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The Great Wall at Gubeikou was built along a mountain range, rising and falling. An important Great Wall pass, it retains its original bricks and stones from two separate dynasties, well-preserved and unrestored.
The Gubeikou Great Wall section is in and around Gubeikou District Town, 50 km northeast of Miyun County, and about 130 km northeast of downtown Beijing. This section is between the Baimaguan and Jinshanling sections. Hiking east, you will first reach Jinshanling, then Simatai.
Northern Qi Dynasty: The earliest Great Wall construction began in 556 during the Northern Qi Dynasty, but it was built with dirt and stone, and it's not well preserved. The best preserved watchtower of the Northern Qi Great Wall there is 'Big Flower Tower' (Dahualou).
Ming Dynasty: After about 800 years, in the Ming Dynasty (1368–1644), the Gubeikou Great Wall was extended and enhanced with more beacon towers and pass gates. The last construction took place in 1567. No rebuilding or renovation was done since then.
This section is built along the Yan Mountains, and the Chao River, where the town of Gubeikou is, divides it into two distinct parts. It was a key pass between ancient China and Mongol territory. It protected ancient China from Mongol/Manchu invasion from the north.
Gubeikou's Great Wall retains its original composition. It's a wild Great Wall section. The scenery is not as spectacular as at Jinshanling or Simatai. But this section is perhaps more interesting historically.
The Gubeikou section of the Great Wall of China contains relics:
The Wohushan length of Great Wall is 4.8 km (3 mi) long, west of Gubeikou Town. The highlight of Wohushan are the 'Sister Towers' (姐妹楼 Jiěmèilóu /jyeah-may-loh/), two watchtowers that stand close to each other. At the river side, these two towers look like two sisters standing by the river hand in hand.
The Panlongshan part of Gubeikou's Great Wall is about 5 km long, east of Gubeikou Town. Panlongshan was once said to include Jinshanling and Simatai West. General Tower and 24-Eye Tower are the highlights of the Panlongshan Wall.
24-Eye Tower (二十四眼楼 Èrshísìyǎnlóu /err-shrr-srr-yen-loh/) had 24 observation windows, six on each side, which was rarely seen at other sections. But only the west and south walls remain. Hikers continue from there to the Jinshanling section, as it at the east end of Gubeikou, where it meets Jinshanling at Longyukou (龙裕口 Lóngyùkǒu /long-yoo-koh/ 'Dragon Abundance Pass').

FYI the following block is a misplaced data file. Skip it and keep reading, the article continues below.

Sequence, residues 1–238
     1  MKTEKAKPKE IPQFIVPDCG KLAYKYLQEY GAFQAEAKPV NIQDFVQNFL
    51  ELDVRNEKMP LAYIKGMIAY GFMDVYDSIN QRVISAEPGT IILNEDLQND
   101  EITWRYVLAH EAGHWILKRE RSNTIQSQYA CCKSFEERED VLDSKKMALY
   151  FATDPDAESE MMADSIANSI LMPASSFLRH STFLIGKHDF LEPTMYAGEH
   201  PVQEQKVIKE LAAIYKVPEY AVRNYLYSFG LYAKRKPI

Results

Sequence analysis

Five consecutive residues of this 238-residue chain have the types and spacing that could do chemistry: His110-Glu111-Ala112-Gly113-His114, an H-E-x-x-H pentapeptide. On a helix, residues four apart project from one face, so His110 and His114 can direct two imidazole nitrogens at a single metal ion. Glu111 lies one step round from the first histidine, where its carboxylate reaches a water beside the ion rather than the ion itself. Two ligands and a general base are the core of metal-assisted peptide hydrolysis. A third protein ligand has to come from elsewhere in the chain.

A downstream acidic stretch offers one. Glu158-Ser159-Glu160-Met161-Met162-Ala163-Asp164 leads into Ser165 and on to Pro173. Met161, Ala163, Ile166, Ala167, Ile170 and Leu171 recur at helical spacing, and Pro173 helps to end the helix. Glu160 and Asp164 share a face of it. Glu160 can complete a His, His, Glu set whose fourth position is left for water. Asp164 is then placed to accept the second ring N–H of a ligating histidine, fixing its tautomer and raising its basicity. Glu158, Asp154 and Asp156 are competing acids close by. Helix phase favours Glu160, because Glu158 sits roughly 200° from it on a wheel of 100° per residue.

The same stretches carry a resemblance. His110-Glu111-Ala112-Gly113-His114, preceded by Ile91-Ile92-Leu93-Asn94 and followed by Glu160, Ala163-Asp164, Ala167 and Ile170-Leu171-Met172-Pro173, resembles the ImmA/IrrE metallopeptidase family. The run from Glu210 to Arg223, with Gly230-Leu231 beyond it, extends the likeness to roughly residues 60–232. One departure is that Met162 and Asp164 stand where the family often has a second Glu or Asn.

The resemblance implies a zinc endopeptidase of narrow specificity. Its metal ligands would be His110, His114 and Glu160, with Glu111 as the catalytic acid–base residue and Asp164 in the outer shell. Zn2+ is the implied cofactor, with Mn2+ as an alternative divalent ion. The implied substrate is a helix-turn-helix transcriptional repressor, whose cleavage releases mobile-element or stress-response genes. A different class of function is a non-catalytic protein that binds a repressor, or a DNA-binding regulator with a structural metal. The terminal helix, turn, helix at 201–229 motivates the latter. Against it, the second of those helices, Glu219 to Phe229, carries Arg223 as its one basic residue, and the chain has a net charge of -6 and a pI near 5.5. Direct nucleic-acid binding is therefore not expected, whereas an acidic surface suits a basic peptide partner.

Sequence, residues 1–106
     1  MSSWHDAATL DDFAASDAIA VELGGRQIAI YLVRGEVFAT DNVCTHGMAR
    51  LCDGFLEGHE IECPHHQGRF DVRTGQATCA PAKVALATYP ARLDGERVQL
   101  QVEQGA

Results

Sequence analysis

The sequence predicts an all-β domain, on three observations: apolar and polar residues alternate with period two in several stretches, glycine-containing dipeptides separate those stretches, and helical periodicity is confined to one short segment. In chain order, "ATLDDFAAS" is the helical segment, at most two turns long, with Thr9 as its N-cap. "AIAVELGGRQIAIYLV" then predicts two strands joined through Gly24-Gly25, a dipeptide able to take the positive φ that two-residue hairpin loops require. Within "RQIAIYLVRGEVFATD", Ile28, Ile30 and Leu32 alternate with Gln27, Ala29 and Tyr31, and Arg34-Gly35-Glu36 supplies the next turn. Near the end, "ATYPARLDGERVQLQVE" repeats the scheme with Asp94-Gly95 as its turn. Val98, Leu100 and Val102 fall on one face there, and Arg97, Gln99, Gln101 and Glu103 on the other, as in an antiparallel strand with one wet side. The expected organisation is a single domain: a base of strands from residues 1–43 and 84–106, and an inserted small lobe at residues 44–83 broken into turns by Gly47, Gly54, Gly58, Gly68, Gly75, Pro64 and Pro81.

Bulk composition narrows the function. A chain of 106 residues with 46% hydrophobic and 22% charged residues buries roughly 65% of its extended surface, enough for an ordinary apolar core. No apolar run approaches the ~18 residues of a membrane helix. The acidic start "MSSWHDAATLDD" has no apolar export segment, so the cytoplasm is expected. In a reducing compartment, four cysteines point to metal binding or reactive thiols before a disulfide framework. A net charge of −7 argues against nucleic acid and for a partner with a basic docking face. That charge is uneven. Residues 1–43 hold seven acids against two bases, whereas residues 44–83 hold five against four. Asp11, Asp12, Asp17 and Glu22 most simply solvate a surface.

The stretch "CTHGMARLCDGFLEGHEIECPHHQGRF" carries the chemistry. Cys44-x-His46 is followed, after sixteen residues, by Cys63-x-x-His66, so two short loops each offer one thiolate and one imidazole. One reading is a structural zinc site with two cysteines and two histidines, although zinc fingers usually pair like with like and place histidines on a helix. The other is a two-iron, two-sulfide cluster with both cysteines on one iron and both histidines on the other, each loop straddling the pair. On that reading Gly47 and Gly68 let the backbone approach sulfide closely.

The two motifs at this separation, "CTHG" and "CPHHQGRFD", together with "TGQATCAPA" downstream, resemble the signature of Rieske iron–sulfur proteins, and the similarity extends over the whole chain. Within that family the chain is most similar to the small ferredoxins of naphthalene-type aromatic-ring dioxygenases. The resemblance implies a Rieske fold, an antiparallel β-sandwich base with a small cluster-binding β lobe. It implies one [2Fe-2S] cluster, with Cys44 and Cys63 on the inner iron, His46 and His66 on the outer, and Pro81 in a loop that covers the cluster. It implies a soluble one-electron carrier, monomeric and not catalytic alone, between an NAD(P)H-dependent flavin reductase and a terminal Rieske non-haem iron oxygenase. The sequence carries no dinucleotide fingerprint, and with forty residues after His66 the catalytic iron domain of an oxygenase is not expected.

24-Eye Tower is about the 20th (relatively intact) tower on Gubeikou East, and the highest at over 400m altitude, presiding over Longyukou pass. The first 2 km of Gubeikou's wall from the town has virtually no towers standing.
There is no direct transport from Beijing to Gubeikou.
You could take a Beijing–Chengde train (e.g. K7717) to Miyunbei Station. Then take town bus 密6 to Dongcaiyuan Xiaoqu (东菜园小区). Walk to 300m east to Changcheng Huandao ('Great Wall Traffic Island'), south then southeast 150m, keeping on the right side of the road and taking the first exit from the traffic island. There you'll find a stop with bus 密25 to Gubeikou station.
Or take bus 980 from Dongzhimen Station to Miyun Station, then Miyun bus 密25 to Gubeikou.
There are lots of challenges and inconvenience with self travel, especially if you don't know these areas well.
A private tour, with experienced tour guide and driver, will mean you won't have to waste time on transport, getting lost, or worrying about emergencies. We offer a one-to-one tour guide service, where one tour guide is responsible for one tourist's safety, if needed.
If you are interested in hiking more of the wild Great Wall, please see our 5-Day Discovery Great Wall Hiking from Jiankou to Gubeikou. This tour contains the three top wild Great Wall sections around Beijing: Jiankou (the steepest section), Gubeikou, and Mutianyu.
Hiking at Gubeikou is moderate, with some steep steps and uneven surfaces. There are no cable cars or surfaced paths. Hikers should climb with companions, and should avoid climbing under bad weather conditions, such as rain and thunderstorms.
Dress for hiking and dress for the weather. Choose comfortable footwear with good grip and support for the feet. Layers of clothes that can be taken on and off allow for greater comfort and temperature control.
Wear/bring sun protection in the summer and dress for sub zero temperatures in the winter. It can feel much colder on the wall than down in the valleys because of altitude and exposure.
Bring breathable waterproofs for protection from rain and wind. Umbrellas may be used here as the ascents and descents are not difficult, but may be inconvenient in strong winds. Bring a camera and money for souvenirs and refreshments. Bring snacks and water if you want to walk a long portion of the wall.